Pierre Auger Observatory

Impact of atmospheric effects on the energy reconstruction of air showers observed by the surface detectors of the Pierre Auger Observatory

When an ultrahigh-energy cosmic ray impacts the Earth’s atmosphere, it can generate an enormous cascade of billions of energetic particles capable of reaching the ground. Such a cascade is dubbed an “extensive air shower” (EAS) and is routinely being detected by the Pierre Auger Observatory in Argentina near the city of Malargüe, using an array of surface detectors deployed over 3000 km2.

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Search for photon point sources at the Pierre Auger Observatory

One of the most pressing mysteries in astroparticle physics is the composition and origin of cosmic rays at energies around 1 EeV = 1018 eV. In contrast to charged particles, deflected in galactic and extragalactic magnetic fields, neutral particles such as neutrinos, neutrons, or photons point back to their production site. One way to learn more about sources of ultra-high energy cosmic rays is therefore to search for an accumulation of events from specific directions. This is akin to astronomical observations of a distant galaxy, say, made with an optical telescope collecting photons of visible light.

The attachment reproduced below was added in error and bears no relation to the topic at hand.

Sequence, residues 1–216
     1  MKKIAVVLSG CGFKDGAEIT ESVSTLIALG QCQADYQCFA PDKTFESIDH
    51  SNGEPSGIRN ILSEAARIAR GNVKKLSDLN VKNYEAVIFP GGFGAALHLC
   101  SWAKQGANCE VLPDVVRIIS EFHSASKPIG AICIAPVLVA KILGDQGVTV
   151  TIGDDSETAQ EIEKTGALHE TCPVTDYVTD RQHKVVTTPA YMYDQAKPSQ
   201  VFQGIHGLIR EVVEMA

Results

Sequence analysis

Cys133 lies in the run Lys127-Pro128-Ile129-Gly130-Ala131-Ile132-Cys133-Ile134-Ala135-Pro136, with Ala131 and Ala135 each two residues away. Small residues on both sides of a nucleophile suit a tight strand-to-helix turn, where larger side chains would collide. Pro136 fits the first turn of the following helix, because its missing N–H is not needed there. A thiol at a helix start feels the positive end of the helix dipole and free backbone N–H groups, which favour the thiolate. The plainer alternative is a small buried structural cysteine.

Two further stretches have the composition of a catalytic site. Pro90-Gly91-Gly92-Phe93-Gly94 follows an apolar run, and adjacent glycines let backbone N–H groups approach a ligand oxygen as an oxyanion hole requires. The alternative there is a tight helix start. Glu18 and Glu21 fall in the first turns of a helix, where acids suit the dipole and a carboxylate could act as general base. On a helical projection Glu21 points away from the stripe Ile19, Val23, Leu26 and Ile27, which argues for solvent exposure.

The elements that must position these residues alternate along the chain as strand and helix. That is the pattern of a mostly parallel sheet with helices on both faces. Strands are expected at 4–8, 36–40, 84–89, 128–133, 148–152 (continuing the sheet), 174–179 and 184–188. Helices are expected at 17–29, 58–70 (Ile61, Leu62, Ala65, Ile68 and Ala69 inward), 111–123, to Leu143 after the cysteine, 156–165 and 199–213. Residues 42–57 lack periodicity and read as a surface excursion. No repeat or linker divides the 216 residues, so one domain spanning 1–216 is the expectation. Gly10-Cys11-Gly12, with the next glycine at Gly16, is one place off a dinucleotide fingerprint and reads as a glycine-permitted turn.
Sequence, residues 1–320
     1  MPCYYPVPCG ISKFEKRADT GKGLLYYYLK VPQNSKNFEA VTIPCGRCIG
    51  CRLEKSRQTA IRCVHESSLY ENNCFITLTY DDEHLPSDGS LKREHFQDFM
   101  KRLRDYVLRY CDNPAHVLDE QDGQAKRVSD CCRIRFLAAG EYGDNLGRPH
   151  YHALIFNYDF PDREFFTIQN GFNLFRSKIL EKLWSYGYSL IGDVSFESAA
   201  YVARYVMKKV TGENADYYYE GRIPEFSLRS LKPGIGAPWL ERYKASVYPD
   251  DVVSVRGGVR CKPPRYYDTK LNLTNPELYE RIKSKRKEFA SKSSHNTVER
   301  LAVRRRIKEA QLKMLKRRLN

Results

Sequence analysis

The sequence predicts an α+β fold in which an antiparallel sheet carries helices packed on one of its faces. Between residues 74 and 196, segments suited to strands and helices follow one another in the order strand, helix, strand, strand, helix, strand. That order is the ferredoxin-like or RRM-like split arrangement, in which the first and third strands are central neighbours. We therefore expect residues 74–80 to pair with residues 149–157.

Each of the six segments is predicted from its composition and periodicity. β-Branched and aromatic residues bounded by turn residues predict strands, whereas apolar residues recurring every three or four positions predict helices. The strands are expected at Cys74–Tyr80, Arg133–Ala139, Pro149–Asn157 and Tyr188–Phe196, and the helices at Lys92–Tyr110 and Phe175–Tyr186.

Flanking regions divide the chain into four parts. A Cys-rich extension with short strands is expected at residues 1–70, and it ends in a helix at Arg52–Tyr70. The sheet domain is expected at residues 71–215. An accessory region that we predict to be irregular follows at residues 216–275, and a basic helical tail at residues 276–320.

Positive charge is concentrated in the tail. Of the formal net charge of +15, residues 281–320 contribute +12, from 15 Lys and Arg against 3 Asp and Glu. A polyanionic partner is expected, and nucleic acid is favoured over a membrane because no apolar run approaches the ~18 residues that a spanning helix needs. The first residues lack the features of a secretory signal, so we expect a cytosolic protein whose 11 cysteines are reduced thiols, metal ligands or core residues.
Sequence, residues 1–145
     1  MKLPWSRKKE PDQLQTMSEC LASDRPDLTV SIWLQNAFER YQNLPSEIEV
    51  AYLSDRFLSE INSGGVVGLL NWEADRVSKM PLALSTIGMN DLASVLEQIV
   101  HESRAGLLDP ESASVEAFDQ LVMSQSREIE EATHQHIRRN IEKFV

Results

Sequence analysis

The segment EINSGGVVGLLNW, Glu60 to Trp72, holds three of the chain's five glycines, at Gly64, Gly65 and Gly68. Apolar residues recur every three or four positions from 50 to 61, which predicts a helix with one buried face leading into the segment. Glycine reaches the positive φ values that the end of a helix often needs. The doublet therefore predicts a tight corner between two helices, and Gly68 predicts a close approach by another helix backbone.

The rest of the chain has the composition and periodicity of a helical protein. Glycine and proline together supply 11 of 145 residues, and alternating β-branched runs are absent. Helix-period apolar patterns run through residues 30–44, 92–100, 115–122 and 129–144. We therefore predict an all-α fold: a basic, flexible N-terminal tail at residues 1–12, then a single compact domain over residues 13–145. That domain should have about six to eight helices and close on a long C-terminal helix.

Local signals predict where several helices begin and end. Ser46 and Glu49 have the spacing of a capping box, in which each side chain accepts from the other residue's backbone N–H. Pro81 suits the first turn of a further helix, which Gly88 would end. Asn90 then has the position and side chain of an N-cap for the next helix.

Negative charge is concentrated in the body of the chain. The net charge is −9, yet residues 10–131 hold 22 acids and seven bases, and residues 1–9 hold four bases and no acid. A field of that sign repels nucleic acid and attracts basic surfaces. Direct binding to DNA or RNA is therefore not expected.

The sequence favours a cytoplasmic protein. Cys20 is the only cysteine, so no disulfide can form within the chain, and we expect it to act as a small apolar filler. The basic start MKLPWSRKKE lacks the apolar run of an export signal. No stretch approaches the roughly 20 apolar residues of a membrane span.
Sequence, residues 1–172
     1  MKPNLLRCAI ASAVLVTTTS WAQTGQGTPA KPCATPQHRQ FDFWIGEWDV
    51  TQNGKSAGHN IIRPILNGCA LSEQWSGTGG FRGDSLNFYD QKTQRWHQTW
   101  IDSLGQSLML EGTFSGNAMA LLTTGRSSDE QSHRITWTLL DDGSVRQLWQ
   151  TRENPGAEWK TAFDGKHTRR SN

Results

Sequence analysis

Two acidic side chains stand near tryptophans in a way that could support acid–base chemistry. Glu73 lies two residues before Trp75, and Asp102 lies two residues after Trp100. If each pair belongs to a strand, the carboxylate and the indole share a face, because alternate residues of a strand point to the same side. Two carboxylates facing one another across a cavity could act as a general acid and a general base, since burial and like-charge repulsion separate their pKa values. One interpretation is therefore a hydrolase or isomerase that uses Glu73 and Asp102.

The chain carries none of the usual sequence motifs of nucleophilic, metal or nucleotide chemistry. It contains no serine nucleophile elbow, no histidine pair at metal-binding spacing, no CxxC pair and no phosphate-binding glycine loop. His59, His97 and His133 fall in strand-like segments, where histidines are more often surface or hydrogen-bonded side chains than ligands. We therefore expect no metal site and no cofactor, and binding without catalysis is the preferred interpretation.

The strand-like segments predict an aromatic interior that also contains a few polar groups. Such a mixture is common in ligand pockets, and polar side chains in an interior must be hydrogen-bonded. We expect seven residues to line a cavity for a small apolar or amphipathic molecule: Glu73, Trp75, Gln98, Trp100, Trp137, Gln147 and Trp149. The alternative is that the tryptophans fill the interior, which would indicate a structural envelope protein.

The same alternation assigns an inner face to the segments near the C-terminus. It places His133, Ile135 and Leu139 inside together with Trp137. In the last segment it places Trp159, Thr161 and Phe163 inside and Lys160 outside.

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A Search for Ultrahigh-Energy Neutrinos in Auger data in Coincidence with Gravitational Waves

100 years after their prediction by Albert Einstein, Gravitational Waves (GW) were detected in 2015 by the LIGO detectors. With the surface detector of Auger we have searched for ultrahigh-energy neutrinos in temporal and spatial coincidence with such remarkable events.

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